The Volt offers everything you’d expect as standard equipment, including a backup camera, side curtain airbags, antilock brakes, as well as traction and stability control. GM’s OnStar system, which boasts automatic crash notification and stolen-vehicle assistance, is also standard. Options run the gamut from adaptive headlights and lane-keep assist to an automated parallel-parking system, forward-collision alert with automatic braking, a blind spot monitoring system, lane-departure warning and rear cross-traffic alert.

In crash testing, the National Highway Traffic Safety Administration (NHTSA) gives the 2019 Volt an overall 5-star rating. The nonprofit Insurance Institute for Highway Safety (IIHS) gave the 2019 Chevrolet Volt its highest rating of Good in every crash test, Superior in its crash-avoidance and mitigation tests and Marginal in the ease-of-use test for the child-seat anchors. The IIHS also awarded the Volt a Top Safety Pick+ award.

Behind the Wheel

If you’ve driven the first-generation version of the Chevrolet Volt, we suspect you’ll find it very similar to this model. That’s because the latest Volt offers the same general size, shape and driving dynamics as its predecessor, and it even retains the same powertrain. The most noticeable differences we’ve found are a roomier cabin, slightly better acceleration, more safety features and a little more composure through the turns.

If you’ve never driven a Volt, you’ll immediately be surprised by just how quiet the hatchback is. The electric motor makes no noise, meaning the only sounds you’ll hear are rushing wind and tire noise on the pavement. The Volt’s ride is compliant — not firm but not cushy — while handling is merely average, offering a predictable feel but very little gusto or excitement. That isn’t necessarily a drawback unique to the Volt, however, as few rivals (including gas-powered models) tout especially involved driving dynamics. The same can be said for acceleration, which is adequate, but could be better. The Volt offers excellent interior room, especially for rear passengers.

When you’re behind the wheel of the Volt, we suspect the only real drawback you’ll find is visibility. Owing to the car’s aerodynamic styling, visibility isn’t particularly good, especially out the rear, which has thick pillars. Even in the front, however, you can lose pedestrians and even other vehicles in the Volt’s large A-pillars.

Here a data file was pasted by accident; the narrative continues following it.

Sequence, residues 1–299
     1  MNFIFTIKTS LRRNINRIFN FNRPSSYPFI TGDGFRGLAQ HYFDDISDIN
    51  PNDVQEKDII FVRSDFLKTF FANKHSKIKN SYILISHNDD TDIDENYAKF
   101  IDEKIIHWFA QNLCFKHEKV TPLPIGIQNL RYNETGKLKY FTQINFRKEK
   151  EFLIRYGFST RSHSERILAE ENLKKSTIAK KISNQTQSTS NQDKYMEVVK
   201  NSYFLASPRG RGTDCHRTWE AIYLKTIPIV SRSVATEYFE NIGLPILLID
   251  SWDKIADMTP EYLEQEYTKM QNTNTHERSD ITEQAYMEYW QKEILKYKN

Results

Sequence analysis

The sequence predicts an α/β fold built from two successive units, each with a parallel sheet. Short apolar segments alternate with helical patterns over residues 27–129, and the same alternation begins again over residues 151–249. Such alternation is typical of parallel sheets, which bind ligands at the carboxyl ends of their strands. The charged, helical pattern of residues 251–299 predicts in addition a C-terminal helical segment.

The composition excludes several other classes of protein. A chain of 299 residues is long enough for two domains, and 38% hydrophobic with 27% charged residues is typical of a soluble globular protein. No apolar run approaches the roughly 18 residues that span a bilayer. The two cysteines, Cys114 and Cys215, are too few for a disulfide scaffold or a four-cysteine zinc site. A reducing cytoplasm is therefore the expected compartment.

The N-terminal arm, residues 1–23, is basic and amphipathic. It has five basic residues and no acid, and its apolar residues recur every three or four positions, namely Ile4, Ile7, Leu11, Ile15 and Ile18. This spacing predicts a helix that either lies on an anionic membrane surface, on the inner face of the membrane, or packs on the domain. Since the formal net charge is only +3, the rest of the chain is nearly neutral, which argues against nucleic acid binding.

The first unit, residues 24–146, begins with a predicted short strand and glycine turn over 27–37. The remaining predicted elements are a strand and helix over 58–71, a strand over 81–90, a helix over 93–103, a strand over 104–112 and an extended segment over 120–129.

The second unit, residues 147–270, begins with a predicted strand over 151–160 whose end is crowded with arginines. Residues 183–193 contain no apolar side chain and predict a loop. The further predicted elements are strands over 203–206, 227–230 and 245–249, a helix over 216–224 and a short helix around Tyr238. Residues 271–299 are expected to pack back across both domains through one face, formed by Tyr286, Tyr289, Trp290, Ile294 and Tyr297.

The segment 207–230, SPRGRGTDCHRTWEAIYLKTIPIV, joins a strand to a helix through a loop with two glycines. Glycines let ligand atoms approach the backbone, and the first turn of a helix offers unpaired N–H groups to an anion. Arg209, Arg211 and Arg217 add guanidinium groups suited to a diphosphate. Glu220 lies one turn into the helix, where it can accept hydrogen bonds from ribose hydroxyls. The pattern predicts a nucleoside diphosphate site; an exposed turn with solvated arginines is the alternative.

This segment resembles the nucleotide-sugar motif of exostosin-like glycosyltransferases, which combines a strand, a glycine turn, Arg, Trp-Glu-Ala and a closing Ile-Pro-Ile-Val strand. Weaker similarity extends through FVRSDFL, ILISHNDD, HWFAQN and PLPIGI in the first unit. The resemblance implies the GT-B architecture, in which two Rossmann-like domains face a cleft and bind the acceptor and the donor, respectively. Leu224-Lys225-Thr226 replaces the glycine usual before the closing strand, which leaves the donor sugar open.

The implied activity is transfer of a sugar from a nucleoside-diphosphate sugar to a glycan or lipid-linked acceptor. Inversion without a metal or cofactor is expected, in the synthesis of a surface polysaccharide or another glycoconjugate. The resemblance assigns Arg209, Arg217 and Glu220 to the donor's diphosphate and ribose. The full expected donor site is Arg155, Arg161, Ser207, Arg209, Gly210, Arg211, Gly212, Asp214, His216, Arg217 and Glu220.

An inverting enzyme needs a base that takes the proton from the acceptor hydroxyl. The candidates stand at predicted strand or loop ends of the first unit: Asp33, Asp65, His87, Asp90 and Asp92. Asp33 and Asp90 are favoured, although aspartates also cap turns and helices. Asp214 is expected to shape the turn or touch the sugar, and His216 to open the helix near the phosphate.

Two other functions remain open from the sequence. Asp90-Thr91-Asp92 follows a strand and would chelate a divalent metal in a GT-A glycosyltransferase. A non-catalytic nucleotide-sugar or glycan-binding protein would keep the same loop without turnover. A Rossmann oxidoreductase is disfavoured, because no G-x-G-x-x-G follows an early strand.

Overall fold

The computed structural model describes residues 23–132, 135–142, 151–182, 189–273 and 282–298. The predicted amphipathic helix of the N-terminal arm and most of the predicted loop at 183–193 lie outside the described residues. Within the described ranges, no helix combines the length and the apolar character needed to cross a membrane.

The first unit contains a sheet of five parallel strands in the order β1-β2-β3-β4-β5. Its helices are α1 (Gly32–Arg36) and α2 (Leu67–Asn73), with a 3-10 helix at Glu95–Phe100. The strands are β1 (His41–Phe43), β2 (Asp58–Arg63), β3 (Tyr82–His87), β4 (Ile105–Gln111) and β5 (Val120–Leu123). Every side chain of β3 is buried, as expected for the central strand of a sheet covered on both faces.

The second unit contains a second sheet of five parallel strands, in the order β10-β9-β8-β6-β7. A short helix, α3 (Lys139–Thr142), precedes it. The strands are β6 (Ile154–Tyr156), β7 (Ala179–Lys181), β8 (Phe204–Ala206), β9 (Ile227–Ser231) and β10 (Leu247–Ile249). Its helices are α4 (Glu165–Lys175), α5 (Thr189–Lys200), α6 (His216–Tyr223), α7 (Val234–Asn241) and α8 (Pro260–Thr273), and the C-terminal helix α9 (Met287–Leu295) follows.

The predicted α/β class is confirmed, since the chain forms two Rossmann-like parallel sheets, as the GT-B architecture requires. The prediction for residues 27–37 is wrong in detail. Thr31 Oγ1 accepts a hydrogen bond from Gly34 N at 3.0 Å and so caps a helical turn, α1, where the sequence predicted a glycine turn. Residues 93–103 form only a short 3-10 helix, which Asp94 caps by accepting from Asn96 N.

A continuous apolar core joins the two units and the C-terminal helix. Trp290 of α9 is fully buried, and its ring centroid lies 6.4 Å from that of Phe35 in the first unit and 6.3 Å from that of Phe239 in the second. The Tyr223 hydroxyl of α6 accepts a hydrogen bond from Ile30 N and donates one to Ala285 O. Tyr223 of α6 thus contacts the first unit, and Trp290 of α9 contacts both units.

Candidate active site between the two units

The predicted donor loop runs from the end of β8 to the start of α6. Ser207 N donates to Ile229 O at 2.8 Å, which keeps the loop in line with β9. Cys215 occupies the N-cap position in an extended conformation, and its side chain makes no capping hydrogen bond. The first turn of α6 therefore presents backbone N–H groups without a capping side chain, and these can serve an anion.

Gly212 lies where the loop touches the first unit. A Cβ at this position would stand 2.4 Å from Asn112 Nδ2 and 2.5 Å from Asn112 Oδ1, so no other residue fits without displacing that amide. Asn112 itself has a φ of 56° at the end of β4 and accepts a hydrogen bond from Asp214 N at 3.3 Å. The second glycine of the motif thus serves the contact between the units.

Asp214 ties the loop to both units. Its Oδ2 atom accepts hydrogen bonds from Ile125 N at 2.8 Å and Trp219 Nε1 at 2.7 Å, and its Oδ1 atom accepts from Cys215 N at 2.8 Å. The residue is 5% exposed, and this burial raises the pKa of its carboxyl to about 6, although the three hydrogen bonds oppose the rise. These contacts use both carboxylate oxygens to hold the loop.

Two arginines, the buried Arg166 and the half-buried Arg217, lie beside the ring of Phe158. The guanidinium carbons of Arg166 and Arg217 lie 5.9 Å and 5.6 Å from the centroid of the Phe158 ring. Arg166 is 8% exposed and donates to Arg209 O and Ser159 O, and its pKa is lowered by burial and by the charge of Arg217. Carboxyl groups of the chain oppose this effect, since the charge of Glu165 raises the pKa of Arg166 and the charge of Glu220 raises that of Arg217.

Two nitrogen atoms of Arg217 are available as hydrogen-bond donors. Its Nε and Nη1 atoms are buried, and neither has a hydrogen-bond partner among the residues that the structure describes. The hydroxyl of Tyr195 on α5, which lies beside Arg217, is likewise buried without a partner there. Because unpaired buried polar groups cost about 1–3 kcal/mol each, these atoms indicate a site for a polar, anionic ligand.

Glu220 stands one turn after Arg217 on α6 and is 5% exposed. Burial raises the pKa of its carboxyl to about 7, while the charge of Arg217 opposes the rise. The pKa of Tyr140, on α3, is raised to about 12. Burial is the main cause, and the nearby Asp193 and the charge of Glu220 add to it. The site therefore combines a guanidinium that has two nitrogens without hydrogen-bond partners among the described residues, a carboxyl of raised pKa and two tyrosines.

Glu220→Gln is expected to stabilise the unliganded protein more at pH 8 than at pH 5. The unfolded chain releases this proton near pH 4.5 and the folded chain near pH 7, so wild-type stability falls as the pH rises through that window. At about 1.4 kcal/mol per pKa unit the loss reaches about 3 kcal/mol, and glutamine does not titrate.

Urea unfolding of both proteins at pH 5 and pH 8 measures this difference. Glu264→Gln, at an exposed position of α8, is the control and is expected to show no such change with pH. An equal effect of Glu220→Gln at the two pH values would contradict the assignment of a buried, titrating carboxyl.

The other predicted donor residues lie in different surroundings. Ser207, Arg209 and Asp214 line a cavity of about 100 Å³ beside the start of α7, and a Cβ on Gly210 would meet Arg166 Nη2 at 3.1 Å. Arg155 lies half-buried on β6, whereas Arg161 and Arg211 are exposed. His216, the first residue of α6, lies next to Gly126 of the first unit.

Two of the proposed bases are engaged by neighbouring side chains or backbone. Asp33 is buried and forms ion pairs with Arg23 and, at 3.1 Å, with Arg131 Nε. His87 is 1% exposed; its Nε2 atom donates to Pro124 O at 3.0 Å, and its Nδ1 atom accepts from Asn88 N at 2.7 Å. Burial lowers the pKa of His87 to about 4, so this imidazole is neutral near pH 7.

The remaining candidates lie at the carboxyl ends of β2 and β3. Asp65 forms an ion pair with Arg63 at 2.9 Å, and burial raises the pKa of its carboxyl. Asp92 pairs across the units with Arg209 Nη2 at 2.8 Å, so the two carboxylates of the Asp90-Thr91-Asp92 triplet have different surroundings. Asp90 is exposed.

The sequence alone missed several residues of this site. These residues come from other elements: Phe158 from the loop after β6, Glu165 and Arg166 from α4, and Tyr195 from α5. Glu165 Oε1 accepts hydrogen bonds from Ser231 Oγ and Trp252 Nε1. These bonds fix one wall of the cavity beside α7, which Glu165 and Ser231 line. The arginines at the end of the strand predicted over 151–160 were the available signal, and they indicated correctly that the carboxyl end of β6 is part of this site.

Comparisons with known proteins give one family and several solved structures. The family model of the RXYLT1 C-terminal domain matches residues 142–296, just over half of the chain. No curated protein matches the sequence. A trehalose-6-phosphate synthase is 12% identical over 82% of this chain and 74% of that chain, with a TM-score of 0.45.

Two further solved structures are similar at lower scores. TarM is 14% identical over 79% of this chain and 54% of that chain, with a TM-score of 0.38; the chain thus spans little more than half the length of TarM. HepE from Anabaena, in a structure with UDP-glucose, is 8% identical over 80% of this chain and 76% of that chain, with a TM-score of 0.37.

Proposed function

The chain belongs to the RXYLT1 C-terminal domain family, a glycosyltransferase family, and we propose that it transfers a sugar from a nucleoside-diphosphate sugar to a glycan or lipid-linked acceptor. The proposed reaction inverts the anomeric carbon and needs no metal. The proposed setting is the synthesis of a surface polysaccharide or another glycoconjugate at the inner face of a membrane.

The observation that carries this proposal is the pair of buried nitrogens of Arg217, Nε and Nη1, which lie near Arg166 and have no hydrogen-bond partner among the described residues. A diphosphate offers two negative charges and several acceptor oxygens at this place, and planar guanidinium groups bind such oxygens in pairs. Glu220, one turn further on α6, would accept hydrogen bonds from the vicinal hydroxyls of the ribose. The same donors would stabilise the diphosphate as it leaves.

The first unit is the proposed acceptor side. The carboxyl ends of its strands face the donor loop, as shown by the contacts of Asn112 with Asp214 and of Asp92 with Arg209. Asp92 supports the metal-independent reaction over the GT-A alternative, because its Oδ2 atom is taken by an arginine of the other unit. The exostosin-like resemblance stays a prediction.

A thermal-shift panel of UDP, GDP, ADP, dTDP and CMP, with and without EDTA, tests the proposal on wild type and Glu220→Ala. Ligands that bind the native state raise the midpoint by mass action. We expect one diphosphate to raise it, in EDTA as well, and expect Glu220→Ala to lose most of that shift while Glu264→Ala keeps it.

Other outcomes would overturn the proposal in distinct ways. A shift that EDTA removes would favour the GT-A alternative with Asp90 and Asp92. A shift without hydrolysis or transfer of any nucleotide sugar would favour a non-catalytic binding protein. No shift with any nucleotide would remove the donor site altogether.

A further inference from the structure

Other Cars to Consider

2019 Ford Fusion Energi — The plug-in hybrid Fusion Energi is larger and more expensive than the Volt, but offers superior driving dynamics, more features and a bigger passenger compartment. However, the Fusion Energi can only travel 25 miles on electric power.

2019 Nissan Leaf — The Leaf delivers a range of about 150 miles with zero tailpipe emissions. But with that comes a lot of range anxiety: The Leaf doesn’t come close to the Volt’s 420-mile cruising range, and the Volt’s dynamics are skewed in a sportier direction. Later in 2019, Nissan is promising an extended range battery that should increase range to 220 miles.

2019 Toyota Prius Prime Plug-in — The Prius Prime Plug-in offers less than half of the Volt’s all-electric range. But operating as a normal hybrid, its fuel economy is far better, with a predicted range of about 640 miles at around 54 mpg in combined driving. The Prius Prime is also less expensive and offers quite a bit more cargo space.

Used Tesla Model S — The Tesla Model S is a high-tech, upscale, fully electric luxury sedan that offers an impressive range of well over 250 miles. Prices are high, though, so you may want to consider a used model.

Autotrader’s Advice

We’d go with the Volt Premier and add the top-level Driver Confidence II packages, adaptive cruise control and navigation. It may be expensive, but tax rebates will soften the blow, and you’ll be able to enjoy the best of both worlds: lots of features and lots of fuel efficiency.